Collins returned to Dublin in 1916 to take part in the Easter Rising. Interned at Frongoch, he was released later that year and was elected to the Sinn Fein executive in early 1917. During the next three years he became a master at eluding the British while working under their very noses. He organized rebellion activities, became President of the IRB and orchestrated a terrorist campaign against British forces in Ireland earning a price on his head of 10,000 pounds sterling. In late 1920, he masterminded the assassination of 14 top British Secret Service agents in Dublin, an event later to be known as Bloody Sunday.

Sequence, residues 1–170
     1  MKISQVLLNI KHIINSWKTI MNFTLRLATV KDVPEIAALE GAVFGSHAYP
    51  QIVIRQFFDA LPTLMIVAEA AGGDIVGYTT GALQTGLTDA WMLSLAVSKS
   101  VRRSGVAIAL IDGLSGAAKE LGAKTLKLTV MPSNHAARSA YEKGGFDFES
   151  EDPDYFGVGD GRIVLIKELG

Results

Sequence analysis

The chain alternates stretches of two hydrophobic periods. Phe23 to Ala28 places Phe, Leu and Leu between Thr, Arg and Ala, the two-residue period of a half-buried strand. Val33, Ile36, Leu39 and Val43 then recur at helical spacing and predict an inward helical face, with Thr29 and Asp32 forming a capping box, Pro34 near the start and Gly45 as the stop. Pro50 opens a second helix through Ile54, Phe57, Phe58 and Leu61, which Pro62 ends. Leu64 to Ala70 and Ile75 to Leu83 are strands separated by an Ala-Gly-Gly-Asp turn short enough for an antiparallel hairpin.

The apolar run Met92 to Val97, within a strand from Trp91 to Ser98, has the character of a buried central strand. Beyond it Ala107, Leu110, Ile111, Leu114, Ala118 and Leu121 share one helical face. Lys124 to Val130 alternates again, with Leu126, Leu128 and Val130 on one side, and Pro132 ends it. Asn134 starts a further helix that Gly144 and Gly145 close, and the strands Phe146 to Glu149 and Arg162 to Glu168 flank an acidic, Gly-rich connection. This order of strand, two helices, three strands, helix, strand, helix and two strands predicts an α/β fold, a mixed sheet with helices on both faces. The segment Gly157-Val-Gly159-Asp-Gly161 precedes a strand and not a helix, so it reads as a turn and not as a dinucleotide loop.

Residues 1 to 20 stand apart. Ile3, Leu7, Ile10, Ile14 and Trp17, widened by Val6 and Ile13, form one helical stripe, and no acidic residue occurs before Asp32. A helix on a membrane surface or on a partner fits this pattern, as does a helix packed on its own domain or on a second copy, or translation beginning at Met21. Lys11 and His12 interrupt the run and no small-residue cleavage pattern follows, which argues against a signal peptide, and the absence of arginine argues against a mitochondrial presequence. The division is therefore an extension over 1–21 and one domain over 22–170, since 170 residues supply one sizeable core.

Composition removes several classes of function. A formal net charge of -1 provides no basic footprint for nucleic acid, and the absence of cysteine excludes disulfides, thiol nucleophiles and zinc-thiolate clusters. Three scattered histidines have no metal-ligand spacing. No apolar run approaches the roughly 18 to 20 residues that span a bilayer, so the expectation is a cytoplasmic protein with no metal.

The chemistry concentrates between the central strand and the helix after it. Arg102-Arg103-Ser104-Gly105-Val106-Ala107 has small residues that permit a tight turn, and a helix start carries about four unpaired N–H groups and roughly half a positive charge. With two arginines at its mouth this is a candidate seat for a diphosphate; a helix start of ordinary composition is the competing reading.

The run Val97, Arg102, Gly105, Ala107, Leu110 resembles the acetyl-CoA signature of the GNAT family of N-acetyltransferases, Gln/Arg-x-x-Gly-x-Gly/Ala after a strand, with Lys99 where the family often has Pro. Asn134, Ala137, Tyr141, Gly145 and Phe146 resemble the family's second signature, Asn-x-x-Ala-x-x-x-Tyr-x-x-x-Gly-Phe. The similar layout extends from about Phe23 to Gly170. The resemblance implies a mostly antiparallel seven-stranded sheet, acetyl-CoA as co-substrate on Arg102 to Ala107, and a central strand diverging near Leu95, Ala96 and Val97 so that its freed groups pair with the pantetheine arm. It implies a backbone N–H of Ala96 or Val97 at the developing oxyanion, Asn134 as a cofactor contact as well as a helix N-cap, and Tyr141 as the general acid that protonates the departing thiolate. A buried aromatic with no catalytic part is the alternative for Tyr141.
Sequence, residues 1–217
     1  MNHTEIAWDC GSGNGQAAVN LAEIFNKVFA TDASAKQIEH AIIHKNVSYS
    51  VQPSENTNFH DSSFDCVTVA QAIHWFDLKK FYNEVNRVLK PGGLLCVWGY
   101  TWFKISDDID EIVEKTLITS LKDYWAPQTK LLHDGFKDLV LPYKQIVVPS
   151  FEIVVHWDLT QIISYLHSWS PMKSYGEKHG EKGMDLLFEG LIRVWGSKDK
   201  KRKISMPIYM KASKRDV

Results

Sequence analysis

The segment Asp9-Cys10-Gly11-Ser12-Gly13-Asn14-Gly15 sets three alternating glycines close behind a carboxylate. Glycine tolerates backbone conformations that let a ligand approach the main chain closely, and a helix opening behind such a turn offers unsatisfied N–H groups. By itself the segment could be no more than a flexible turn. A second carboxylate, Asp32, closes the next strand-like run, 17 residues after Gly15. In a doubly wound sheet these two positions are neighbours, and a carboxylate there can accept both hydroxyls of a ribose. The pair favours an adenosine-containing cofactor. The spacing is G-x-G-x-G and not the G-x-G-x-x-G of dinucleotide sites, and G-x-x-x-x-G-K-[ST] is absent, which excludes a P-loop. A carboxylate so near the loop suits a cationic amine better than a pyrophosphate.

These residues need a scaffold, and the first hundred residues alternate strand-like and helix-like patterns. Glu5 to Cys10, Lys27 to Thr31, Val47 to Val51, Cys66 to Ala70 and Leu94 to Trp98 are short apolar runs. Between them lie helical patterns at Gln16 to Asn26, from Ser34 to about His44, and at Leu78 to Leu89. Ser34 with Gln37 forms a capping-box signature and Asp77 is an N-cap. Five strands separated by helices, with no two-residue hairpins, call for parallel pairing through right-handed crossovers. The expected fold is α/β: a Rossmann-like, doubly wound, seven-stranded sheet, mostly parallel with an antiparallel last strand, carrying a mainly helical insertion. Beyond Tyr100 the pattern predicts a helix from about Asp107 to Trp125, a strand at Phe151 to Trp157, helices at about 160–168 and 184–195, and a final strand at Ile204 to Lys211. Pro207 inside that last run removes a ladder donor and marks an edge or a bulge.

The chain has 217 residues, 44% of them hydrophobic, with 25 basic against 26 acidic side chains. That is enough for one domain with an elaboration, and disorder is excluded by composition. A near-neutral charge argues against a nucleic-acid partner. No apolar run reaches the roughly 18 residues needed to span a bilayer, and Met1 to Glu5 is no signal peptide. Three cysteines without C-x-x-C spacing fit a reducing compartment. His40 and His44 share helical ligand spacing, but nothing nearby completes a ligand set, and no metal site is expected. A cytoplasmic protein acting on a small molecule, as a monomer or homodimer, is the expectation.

When British Prime Minister David Lloyd George organized treaty talks, Collins, at President de Valera's insistence, reluctantly joined the Irish delegation. Outmaneuvered by the "Welsh Wizard," the Irish delegation signed a treaty that partitioned Ireland. A narrow vote in favor of the Treaty split the country into two factions, the Free State forces and the Irregulars. Civil war began. De Valera resigned; Arthur Griffith became President of the newly established Irish Free State with Collins Commander-in-Chief of the army. On August 12, 1922, Arthur Griffith died of a massive brain hemorrhage. Ten days later, while on a tour of his home county of Cork, Michael Collins was ambushed and shot dead at Bael na mBlath. Even today, details of the shooting remain a mystery.